Skip to main content Accessibility help
×
Home

Imaging of Uranus and Neptune

  • Bradford A. Smith (a1) and Harold J. Reitsema (a1)

Extract

Observations of the minute disks of Uranus and Neptune from the surface of the earth present a major challenge to any observatory site and require the most advanced techniques in optical imaging instrumentation. Less than 4 arcsec across, the disk of Uranus would fit within the Great Red Spot of Jupiter in the focal plane of a terrestrial telescope; the smaller disk of Neptune, less than 2.5 arcsec in diameter, is scarcely more than half again that of Ganymede, the largest of the Galilean satellites. At present, both planets are situated at far southerly declinations, making them even more difficult objects for Northern Hemisphere observatories.

    • Send article to Kindle

      To send this article to your Kindle, first ensure no-reply@cambridge.org is added to your Approved Personal Document E-mail List under your Personal Document Settings on the Manage Your Content and Devices page of your Amazon account. Then enter the ‘name’ part of your Kindle email address below. Find out more about sending to your Kindle. Find out more about sending to your Kindle.

      Note you can select to send to either the @free.kindle.com or @kindle.com variations. ‘@free.kindle.com’ emails are free but can only be sent to your device when it is connected to wi-fi. ‘@kindle.com’ emails can be delivered even when you are not connected to wi-fi, but note that service fees apply.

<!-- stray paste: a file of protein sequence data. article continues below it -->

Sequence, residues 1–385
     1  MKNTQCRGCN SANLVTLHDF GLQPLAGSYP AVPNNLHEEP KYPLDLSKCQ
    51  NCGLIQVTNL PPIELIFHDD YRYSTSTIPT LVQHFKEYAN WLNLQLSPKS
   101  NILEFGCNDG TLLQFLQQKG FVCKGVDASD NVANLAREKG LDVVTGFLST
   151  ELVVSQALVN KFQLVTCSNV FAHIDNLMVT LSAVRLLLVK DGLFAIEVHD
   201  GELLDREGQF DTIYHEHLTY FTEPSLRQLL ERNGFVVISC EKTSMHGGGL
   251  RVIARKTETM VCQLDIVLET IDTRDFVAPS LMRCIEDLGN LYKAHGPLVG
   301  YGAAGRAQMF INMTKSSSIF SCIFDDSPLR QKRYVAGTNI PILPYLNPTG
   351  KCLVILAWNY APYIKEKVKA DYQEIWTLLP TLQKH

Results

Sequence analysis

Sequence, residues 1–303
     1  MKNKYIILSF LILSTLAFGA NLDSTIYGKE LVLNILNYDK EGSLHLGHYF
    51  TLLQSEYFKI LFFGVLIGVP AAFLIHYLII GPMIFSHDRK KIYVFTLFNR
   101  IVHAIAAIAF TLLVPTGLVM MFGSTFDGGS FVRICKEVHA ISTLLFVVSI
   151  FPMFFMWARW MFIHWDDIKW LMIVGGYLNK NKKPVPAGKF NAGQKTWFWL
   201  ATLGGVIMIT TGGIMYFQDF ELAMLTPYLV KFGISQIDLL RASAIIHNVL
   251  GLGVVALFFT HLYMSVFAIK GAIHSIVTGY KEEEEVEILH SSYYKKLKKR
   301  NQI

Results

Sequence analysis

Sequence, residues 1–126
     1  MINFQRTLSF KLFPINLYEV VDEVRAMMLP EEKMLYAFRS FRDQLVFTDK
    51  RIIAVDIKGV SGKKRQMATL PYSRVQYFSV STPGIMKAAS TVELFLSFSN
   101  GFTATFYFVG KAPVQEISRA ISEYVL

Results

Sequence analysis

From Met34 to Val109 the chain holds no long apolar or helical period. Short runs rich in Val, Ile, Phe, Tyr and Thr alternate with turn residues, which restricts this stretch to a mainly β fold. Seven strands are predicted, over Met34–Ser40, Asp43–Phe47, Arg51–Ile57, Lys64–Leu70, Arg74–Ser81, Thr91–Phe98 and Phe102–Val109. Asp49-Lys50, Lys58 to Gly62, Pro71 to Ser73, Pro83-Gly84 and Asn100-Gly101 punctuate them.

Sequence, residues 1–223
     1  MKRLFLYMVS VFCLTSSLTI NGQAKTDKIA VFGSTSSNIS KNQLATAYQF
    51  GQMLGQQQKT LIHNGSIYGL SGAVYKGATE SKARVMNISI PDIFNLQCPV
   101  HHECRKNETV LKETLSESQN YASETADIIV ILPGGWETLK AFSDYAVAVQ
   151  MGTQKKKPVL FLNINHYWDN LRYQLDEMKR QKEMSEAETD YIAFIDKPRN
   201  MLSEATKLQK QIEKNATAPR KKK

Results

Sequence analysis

Find out more about the Kindle Personal Document Service.

      Imaging of Uranus and Neptune
      Available formats
      ×

      Send article to Dropbox

      To send this article to your Dropbox account, please select one or more formats and confirm that you agree to abide by our usage policies. If this is the first time you use this feature, you will be asked to authorise Cambridge Core to connect with your <service> account. Find out more about sending content to Dropbox.

      Imaging of Uranus and Neptune
      Available formats
      ×

      Send article to Google Drive

      To send this article to your Google Drive account, please select one or more formats and confirm that you agree to abide by our usage policies. If this is the first time you use this feature, you will be asked to authorise Cambridge Core to connect with your <service> account. Find out more about sending content to Google Drive.

      Imaging of Uranus and Neptune
      Available formats
      ×

Copyright

References

Hide All
Alexander, A.F. O’D. 1965. The Planet Uranus (London: Faber & Faber).
Danielson, R.E., Toinasko, M.G. and Savage, B.D. 1972. High Resolution Imagery of Uranus Obtained by Stratoscope II. Astrophys J. 178, 887.
Goody, R.M. 1981. Private communication.
Larson, S.M. and Reitsema, H.J. 1979. A Planetary Coronagraph Bull. Am. Astron. Soc. 11, 558.
Larson, S.M., Fountain, J.W., Smith, B.A. and Reitsema, H.J. 1981. Observations of the Saturn E Ring and a Nev; Satellite. Icarus, in press.
Lyot, B. 1939. A Study of the Solar Corona and Prominences Without Eclipses. H.N. 99, 580.
Smith, B.A. 1977. Uranus Photography in the 890-nm Absorption Band of Methane. Bull. Am. Astron. Soc. 9. 473.
Smith, B.A., Reitsema, H.J. and Larson, S.M. 1979. Discrete Cloud Features on Neptune. Bull. Am. Astron. Soc. 11, 570.

Metrics

Full text views

Total number of HTML views: 0
Total number of PDF views: 0 *
Loading metrics...

Abstract views

Total abstract views: 0 *
Loading metrics...

* Views captured on Cambridge Core between <date>. This data will be updated every 24 hours.

Usage data cannot currently be displayed